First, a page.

Monthly Archives: April 2016

ego sum ergo meditaro



My personal epistemology worked out over the course of this semester:

No matter what the current practice of standardized testing seems to promote, remembering information is not the same as knowing.  The basis for epistemology must be founded in ontology; in order to know, one must have some place to begin. And as Rodgers and Hammerstein speculated, the beginning is a very good place to start. Beginning does not require a  timeline, but rather an ontological space of being where knowing moves beyond information recall into a place where objective reality intersects with abstract concepts and suppositions in order for the thinker to discover meaning.

My epistemological position is situated in ontological realism. What is conceivable is greater than what can be imagined of the world; the quest of this life is to know what is real, what is true, what is justifiable, and what can be logically believed.  Dewey’s  transactional realism affords a way for individuals to meaningfully interact with  the reality of what exists both with and without human thought or invention, and in doing so, make meaning of it.  Discovery of meaningful reality requires a willingness to consider the evidence from all logical points of view, even if that evidence contradicts what is previously known. It also requires a desire to question existing paradigms, such as structuralism or strict constructivism,  in order to discover their logical validity and to seek out new processes where the evidence requires it.  This Peircean fallibilism makes up a second strand of my personal epistemology.

Fallibilism instructs that it is possible to know, but never conclusively without any shred of doubt. In fact, it is doubt that takes the objective and examines it from all sides, merging it with transactive experience to construct meaning. Ontology joins epistemology for interpreting and understanding reality of new knowledge. It is not a binary system because ontology flows into, through, and around the objective nature of the world.

Applying new epistemologies to US education requires that one first identify the existing model and its weaknesses. That a standardized test compiled by entities outside the classroom is quickly becoming the sole measure of student achievement and teacher effectiveness provides the most visible evidence of the current problematic positivistic paradigm writ large. Current research reveals other critical issues facing schools: teachers frustrated by a lack of voice in education policy along with feeling powerless to control their own classrooms, inconsistent support from parents and administrators, and students who have been taught that only their standardized test scores matter.  The current education system is well-equipped and perfectly happy to reject creative problem solvers for the sake of maintaining an illusion of equity and standardization. Ultimately, this produces non-thinkers who know how to capture information long enough to repeat it, but not to retain it or make meaning of it. This is where a paradigm shift is necessary iff the United States wants to produce thinkers and creators and intellectuals through the school system.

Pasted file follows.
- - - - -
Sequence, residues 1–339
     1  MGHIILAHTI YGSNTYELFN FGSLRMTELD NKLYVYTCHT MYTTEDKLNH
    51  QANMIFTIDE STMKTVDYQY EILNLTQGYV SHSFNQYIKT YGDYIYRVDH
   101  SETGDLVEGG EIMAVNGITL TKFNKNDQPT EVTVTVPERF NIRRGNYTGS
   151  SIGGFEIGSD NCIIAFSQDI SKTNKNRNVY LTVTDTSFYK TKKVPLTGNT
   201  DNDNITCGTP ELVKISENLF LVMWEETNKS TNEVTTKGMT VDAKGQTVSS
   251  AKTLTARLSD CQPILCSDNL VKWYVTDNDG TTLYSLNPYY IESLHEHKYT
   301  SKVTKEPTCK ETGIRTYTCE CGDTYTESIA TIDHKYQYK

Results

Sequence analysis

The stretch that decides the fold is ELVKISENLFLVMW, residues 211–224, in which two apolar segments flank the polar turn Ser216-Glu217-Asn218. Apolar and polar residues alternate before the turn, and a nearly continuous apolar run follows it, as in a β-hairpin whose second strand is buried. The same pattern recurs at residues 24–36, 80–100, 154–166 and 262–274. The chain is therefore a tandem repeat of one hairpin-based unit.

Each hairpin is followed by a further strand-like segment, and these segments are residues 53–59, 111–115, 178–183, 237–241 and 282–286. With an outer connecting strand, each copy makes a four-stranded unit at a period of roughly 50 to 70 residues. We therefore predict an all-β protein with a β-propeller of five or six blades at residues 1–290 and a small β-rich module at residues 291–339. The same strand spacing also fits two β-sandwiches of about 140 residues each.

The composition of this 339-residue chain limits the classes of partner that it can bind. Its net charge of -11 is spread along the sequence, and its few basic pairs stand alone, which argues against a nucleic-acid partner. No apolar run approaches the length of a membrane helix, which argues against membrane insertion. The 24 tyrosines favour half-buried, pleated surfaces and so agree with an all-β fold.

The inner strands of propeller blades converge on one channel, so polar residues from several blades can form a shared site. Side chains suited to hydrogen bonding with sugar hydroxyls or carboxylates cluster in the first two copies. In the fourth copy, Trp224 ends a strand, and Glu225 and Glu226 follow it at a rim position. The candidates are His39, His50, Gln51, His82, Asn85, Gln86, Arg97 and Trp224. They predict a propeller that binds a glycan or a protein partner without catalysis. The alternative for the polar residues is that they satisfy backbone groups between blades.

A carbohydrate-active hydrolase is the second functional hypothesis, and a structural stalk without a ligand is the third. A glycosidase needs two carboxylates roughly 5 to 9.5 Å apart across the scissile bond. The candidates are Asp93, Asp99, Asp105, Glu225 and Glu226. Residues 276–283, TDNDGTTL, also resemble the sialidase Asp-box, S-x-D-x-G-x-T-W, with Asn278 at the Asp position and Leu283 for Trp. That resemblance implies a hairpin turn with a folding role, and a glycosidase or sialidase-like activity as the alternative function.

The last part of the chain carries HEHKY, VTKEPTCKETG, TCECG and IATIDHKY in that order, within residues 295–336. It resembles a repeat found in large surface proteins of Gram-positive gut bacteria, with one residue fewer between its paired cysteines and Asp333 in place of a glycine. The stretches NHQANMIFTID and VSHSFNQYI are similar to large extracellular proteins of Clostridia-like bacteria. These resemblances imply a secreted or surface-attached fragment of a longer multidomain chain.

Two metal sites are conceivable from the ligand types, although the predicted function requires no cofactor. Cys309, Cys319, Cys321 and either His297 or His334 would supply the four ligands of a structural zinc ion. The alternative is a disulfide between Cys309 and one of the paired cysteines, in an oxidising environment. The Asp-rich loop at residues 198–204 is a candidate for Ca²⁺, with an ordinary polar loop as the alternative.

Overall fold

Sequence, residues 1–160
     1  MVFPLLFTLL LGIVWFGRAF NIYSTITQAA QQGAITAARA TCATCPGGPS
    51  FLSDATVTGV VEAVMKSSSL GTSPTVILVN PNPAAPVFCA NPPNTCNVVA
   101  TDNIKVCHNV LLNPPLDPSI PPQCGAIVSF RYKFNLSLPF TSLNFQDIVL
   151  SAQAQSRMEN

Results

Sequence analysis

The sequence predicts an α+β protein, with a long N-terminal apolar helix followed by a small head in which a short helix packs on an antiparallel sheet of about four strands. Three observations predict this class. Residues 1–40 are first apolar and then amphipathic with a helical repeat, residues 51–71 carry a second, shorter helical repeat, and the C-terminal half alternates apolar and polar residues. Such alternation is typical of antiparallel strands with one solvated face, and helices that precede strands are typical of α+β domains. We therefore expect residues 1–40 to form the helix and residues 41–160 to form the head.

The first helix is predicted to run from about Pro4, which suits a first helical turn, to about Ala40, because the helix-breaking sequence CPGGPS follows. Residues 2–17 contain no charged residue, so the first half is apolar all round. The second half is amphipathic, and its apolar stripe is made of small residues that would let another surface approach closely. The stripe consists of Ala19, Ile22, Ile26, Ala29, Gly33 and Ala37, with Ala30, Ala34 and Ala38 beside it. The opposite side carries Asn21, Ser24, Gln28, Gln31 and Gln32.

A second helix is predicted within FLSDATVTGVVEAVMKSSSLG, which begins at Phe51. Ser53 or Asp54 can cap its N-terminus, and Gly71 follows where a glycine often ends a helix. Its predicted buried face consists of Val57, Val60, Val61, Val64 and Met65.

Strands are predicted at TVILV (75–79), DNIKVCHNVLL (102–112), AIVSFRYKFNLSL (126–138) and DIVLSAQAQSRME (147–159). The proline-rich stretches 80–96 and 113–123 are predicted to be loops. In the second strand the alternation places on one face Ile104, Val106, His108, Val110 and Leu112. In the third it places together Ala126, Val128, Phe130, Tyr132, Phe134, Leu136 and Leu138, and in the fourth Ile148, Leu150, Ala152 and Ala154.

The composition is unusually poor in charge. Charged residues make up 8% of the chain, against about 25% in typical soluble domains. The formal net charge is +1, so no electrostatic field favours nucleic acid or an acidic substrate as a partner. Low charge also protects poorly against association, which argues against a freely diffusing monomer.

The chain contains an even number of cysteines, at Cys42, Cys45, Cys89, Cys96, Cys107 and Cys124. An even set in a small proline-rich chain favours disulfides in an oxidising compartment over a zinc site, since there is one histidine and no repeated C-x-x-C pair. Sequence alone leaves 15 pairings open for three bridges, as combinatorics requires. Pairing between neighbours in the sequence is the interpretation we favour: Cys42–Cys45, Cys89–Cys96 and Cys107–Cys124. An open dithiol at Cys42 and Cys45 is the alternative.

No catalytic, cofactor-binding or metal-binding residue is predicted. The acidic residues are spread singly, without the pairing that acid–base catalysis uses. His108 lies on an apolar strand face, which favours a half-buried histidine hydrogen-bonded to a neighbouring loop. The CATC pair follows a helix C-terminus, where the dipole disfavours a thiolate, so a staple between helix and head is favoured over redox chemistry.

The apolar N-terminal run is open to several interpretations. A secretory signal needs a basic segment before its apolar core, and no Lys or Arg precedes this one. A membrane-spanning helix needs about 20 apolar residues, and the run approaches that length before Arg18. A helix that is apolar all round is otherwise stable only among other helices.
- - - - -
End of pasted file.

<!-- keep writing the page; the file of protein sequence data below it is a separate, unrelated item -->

Because I believe strongly in finding solutions to known problems, I intend to research how to reinstate professional respect with and for educators, along with finding ways for them to work within a challenging system to open the world to their students in thoughtful and perhaps unorthodox ways. By considering evidence from various perspectives and through a variety of modalities, including working with analog, digital, and artistic texts, students have the opportunity to develop, question, and revise their own points of view. Individual critical thinking cannot be assessed by a standardized test.  Returning creative curriculum decisions to classroom teachers may have a dual benefit: students learn critical thinking and problem solving while teachers regain professional status. Teachers often leave the field citing lack of respect as a key factor in their decisions.  Changing public perception of the teaching profession may be a place to begin reaffirming education as a noble career..  I am a cockeyed optimist, to invoke another Rodgers and Hammerstein reference.

There is no quick and easy solution to what has been called an education crisis. Nor is there an instant fix to the current exodus of teaching professionals, more than 40% of whom exit the profession in under five years. However, making Deweyan and Peircean paths for students to transact with the realities of the humanities, science, and mathematics may begin to allow school classrooms to become what Dewey thought they should be: places where students are participants in the purposes of learning activities rather than recipients of someone else’s idea of worthwhile knowledge and where teachers are respected for their professionalism.